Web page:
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information about Fukushima published in English in Japanese media info publiée en anglais dans la presse japonaise

Removing "bright future" signs in Futaba

December 21, 2015

Removal work starts on 'bright future' pro-nuclear sign in evacuated Fukushima town

http://ajw.asahi.com/article/0311disaster/fukushima/AJ201512210058

Removing "bright future" signs in Futaba

By MASAKAZU HONDA/ Staff Writer

FUTABA, Fukushima Prefecture--Workers removed lettering of a signboard that praises nuclear energy here on Dec. 21, despite opposition from the slogan writer who became an anti-nuclear activist after the Fukushima disaster emptied his hometown.

Two signboards in Futaba, including one that says, “Genshiryoku--Akarui Mirai no Energy” (Nuclear power is the energy of a bright future), became ironic symbols of the disaster at the nearby Fukushima No. 1 nuclear power plant in March 2011. The other sign’s message is: “Genshiryoku--Kyodo no Hatten Yutakana Mirai” (Nuclear power will bring hometown development and an affluent future).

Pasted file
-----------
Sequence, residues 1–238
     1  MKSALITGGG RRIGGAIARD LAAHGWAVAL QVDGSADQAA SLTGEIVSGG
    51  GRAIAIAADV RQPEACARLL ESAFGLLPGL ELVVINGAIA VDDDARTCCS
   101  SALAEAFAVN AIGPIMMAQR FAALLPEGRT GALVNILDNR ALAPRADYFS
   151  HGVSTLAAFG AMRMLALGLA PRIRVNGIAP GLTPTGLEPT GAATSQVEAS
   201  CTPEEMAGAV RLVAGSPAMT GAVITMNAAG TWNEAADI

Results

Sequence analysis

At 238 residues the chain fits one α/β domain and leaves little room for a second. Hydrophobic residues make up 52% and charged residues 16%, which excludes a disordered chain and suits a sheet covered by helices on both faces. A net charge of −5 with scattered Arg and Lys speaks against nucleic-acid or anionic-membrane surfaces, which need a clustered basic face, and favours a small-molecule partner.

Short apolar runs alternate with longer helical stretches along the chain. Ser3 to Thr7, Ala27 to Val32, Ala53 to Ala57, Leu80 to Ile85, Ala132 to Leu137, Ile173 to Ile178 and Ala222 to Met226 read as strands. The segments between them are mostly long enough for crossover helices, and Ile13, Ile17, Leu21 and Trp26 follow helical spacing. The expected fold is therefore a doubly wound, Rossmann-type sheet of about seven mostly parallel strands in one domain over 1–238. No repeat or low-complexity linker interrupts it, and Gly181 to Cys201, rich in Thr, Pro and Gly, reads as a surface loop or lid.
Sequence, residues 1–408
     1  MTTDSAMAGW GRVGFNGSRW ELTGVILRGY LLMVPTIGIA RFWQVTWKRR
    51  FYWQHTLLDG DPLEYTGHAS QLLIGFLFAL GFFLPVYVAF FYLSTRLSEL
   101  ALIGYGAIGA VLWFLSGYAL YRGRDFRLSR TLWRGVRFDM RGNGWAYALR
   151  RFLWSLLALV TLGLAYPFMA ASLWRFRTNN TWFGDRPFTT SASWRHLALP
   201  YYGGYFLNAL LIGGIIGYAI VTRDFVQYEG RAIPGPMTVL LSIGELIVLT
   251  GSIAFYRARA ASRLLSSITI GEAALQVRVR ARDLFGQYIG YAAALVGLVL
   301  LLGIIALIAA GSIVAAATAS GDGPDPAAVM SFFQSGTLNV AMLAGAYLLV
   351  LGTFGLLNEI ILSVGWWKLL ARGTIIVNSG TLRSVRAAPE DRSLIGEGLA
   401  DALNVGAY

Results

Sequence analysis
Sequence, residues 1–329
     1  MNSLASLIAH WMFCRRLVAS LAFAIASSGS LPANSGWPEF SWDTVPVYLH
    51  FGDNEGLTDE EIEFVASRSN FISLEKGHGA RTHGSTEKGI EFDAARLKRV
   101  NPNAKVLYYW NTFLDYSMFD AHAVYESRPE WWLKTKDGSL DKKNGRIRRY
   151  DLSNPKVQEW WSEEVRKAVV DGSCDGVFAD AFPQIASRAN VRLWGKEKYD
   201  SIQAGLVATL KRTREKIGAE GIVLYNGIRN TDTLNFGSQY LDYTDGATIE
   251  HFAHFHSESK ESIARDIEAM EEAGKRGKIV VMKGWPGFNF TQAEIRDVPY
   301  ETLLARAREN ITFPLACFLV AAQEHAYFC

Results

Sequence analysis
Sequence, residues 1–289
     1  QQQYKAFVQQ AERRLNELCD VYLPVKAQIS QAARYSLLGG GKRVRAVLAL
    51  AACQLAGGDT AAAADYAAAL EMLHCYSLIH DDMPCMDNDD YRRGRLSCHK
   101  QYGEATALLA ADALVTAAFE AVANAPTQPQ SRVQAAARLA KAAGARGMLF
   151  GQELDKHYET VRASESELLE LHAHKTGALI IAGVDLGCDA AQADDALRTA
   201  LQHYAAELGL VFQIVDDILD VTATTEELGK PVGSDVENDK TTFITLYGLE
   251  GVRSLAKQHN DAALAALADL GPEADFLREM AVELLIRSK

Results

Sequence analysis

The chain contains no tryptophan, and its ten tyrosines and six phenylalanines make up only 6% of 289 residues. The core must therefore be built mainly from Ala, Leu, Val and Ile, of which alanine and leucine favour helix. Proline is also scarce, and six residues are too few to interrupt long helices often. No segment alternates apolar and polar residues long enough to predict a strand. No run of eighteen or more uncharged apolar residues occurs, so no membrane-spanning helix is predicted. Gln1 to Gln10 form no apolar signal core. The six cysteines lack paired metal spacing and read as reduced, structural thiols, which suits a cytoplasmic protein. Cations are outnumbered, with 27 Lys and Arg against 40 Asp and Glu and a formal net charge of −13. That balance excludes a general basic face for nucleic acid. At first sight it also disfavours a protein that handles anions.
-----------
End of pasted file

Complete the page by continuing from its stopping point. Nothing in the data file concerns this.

All residents of Futaba, which co-hosts the plant, were ordered to evacuate after the meltdowns.

The letters were removed from one signboard that stands over the town’s main street, which connects National Route No. 6 and JR Futaba Station.

The town assembly decided to remove the signs by the end of March 2016, citing “possible dangers of parts of the signs falling off due to dilapidation.”

However, Yuji Onuma, 39, who wrote the “bright future” slogan when he was a sixth-grader in Futaba, and others asked the town to keep signboards in place “for the sake of passing down the horrors of the nuclear accident and lessons learned from the accident to future generations.”

When the workers were taking down the letters, Onuma, who now lives in Koga, Ibaraki Prefecture, and his supporters held up panels saying, “Does removal mean reconstruction?” and “We cannot obliterate the past.”

The group had submitted to the Futaba government a petition signed by about 6,900 people from the town and elsewhere opposing the removal of the two signs.